Barbara - Well, I'm very much of the 'use it or lose it' idea and I think you have to keep your mind active. One way we know how to do this is through lifelong learning. So, it's always good to be learning new things. We know that new learning generates neurogenesis, new cells in the hippocampus. So, that's very important. There's other things like exercise. We know that also is responsible for neurogenesis in the hippocampus. So, there's things that we can do to really keep our minds functioning better for longer. And there's these other things that we can do that are good for mental well-being. So, the idea of connecting and being in the moment, the kind of mindfulness idea has been shown to be evidence-based method for well-being. We devised about 5 of these for the mental capital and well-being project and by the foresight. That was one of them and another one had to do with giving because actually, when they've looked at people giving to their favourite charities and they've had them in scanners, the reward system in the brain is actually activated. So, the individual finds that very positive in rewarding as well as obviously, the person that they're giving to. So, giving is good yourself as well as for the other person. So that's another thing that we can do. The other thing is support systems - social support systems that we need to be more attentive to developing close relationships with family members and friends, and the community. That is also been shown to be beneficial for mental well-being.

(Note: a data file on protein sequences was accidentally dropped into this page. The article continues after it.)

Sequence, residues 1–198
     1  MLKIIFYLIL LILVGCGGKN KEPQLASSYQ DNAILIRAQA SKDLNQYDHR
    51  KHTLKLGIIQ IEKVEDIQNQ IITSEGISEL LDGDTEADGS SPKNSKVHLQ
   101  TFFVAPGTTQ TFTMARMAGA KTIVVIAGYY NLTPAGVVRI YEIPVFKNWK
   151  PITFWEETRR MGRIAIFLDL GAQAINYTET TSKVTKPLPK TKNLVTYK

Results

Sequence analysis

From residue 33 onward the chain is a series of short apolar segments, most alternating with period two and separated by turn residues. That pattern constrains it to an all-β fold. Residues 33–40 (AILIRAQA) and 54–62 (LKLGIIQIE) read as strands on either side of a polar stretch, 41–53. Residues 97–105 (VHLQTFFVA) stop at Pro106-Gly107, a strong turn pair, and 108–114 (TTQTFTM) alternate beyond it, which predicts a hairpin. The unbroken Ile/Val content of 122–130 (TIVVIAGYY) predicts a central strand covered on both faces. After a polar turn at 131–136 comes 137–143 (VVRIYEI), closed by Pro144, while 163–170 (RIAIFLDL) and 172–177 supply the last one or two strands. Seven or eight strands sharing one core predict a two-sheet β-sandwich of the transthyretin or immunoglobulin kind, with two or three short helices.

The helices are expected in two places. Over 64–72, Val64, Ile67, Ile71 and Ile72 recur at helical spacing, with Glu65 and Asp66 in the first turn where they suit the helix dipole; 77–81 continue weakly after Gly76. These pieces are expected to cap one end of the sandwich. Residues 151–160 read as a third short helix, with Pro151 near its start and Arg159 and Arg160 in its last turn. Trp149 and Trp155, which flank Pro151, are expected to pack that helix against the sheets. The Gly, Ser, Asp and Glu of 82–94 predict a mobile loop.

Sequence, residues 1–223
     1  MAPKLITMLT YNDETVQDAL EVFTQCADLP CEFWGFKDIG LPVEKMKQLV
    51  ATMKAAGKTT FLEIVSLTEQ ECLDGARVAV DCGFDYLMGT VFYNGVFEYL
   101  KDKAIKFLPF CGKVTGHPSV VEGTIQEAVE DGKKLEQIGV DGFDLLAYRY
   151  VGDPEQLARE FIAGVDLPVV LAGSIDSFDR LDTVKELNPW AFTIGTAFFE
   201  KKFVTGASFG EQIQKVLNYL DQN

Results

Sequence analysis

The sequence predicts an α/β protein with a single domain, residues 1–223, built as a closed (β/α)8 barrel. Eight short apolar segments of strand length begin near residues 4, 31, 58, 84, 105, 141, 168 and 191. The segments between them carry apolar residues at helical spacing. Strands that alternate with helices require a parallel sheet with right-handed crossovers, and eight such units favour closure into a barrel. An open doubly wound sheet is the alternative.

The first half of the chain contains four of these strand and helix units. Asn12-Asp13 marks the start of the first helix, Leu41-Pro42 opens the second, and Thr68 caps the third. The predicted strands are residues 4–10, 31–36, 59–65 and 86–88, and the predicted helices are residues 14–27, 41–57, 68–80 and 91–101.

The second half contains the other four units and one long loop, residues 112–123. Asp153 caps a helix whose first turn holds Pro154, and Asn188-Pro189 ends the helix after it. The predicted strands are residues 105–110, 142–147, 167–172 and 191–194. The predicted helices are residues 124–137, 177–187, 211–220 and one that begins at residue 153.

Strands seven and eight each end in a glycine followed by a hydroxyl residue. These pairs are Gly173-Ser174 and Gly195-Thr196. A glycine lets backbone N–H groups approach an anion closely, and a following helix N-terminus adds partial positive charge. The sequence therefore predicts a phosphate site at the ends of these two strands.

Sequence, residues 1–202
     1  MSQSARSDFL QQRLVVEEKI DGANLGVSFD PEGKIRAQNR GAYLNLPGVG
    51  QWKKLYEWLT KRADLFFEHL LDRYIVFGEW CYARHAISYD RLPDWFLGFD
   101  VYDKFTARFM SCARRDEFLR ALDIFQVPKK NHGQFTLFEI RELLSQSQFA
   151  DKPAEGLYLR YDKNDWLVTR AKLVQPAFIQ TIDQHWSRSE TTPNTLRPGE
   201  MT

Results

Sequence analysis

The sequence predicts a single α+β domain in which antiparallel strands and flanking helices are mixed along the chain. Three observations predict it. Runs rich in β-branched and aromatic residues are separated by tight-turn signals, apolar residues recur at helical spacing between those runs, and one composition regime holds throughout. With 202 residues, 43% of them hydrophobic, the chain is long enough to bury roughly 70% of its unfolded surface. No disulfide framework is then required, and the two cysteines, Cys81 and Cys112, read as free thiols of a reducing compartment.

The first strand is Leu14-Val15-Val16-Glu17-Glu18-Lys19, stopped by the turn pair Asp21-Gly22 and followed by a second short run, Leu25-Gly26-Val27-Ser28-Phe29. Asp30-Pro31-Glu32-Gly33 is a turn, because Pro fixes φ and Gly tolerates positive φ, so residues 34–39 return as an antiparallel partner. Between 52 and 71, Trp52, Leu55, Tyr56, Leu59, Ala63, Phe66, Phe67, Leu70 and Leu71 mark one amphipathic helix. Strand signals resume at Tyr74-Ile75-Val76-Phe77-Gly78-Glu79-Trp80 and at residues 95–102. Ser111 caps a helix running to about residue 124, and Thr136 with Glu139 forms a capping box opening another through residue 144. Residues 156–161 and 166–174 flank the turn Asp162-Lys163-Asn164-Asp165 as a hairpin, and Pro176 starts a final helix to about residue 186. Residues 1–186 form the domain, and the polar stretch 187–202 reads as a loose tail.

Hannah - Thank you very much, Barbara and also Mike for giving your time for discussing these issues with us. I've got a few questions in from listeners which would be fabulous if you could spend some time answering.
So, David Bailey and Steven Quill have been in touch saying, "Why are mental health problems so common and are they more common now than they were, say, a hundred years ago or a thousand years ago?"